- It’s important to notice the signs of acid reflux in children and take preventative measures
- Some dentists may recommend fluoridated water to protect your child’s teeth throughout the day
- With acid reflux it’s important to reduce the amount of sugary foods that your child consumes
Have your child’s teeth started to decay despite a healthy diet and regular brushing and flossing? Your child may be suffering form acid reflux.
A study from the University of California at San Francisco discovered that children with acid reflux are several times more likely to experience enamel damage than healthy children. Most of the time, a child will think that acid reflux is something normal and may not speak of it to you, which can lead to tooth damage.
It’s important to notice the signs of acid reflux in children and take preventative measures when possible.
Visit Your Dentist Early and Often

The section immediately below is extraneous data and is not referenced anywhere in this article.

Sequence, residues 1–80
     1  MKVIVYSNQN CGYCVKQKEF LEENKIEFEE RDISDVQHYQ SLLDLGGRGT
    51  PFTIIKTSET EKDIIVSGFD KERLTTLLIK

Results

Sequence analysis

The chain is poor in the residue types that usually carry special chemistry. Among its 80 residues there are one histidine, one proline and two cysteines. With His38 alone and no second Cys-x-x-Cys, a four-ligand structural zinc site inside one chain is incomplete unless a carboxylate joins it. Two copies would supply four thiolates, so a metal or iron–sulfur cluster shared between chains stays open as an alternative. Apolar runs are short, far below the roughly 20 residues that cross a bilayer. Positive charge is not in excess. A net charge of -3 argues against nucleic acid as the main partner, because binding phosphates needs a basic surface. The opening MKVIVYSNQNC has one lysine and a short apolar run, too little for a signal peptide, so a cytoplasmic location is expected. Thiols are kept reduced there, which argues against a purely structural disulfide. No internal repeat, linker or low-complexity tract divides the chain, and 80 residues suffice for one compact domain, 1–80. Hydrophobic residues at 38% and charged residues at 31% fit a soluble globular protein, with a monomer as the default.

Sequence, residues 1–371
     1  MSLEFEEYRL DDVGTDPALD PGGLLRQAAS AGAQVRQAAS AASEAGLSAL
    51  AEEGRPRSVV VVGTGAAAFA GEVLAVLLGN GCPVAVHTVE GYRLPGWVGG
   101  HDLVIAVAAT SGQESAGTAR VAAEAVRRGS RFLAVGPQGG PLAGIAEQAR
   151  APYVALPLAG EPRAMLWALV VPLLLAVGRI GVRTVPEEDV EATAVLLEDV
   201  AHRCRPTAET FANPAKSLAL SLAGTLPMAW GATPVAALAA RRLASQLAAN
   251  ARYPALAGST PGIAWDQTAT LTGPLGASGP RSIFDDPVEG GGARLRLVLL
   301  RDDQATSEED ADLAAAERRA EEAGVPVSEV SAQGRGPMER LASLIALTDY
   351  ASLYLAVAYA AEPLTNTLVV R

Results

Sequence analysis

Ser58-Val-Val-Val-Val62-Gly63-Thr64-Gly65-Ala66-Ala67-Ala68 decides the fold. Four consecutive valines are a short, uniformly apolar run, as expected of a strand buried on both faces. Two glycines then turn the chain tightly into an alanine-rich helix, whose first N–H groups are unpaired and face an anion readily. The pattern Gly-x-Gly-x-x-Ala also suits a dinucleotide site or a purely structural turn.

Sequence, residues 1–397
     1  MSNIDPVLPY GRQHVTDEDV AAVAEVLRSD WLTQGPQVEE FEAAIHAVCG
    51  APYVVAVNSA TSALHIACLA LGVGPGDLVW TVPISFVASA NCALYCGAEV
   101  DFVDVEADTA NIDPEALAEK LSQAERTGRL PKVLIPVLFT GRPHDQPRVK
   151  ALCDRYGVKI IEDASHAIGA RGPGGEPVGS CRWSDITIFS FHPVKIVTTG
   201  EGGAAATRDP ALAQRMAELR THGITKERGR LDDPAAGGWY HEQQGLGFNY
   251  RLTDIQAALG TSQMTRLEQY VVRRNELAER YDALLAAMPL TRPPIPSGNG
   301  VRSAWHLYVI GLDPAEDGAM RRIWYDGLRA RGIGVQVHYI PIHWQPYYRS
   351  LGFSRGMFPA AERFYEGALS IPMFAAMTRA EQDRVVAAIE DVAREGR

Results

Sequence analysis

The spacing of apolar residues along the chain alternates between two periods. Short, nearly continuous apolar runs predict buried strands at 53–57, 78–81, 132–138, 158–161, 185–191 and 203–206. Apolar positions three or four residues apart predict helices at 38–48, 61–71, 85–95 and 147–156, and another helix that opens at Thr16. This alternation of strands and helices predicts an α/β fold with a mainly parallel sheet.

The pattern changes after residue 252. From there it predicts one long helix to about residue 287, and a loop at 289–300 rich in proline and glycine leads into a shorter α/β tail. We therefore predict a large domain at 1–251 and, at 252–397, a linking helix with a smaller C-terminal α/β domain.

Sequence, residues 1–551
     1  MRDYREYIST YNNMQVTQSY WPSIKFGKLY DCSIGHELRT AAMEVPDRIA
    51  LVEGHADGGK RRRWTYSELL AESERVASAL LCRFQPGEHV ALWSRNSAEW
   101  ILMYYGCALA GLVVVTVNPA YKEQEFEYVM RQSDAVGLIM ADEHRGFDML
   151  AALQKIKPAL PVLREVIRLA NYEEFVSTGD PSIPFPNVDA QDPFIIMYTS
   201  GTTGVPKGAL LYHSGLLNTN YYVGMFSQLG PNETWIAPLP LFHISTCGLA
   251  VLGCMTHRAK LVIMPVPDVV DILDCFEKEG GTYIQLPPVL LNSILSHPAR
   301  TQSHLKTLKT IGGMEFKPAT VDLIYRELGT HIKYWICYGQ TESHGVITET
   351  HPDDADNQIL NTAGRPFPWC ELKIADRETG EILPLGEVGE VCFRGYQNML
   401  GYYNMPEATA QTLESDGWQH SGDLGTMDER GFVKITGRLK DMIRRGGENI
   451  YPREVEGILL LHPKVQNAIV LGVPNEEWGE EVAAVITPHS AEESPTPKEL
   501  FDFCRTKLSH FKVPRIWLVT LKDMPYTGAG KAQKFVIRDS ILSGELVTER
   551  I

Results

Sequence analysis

If your child was diagnosed with acid reflux at an early age, maybe even before the age of one, make sure you visit the dentist as soon as their teeth begin to come in. Dentists can easily spot the early stages of acid reflux damage. They will devise a treatment plan and will likely need to see your child every three months. Catching reflux early and taking preventative measures can save your child a lot of trouble in the future.
Fluoride is important for everyone’s teeth, but it is even more important for children suffering from acid reflux. Acid reflux makes it so that the patient’s teeth are continually under attack. Fluoride can help add a layer of protection against the acid. Some dentists may recommend fluoridated water to help protect your child’s teeth throughout the day. They may also prescribe liquid fluoride or fluoride pills.
With acid reflux it’s important to reduce the amount of sugary snacks and drinks that your child consumes. You should also limit acidic foods such as tomatoes and other fruits. Make sure that your child doesn’t eat or snack close to their nap time or bedtime. This will help reduce the potential for further damage.
You may be wondering: Why should you go to all this trouble for your child’s baby teeth when they’ll eventually get permanent teeth? The answer is simple. Maintaining healthy baby teeth helps your child get the nutrition they need and helps them develop life-long habits for a healthy mouth.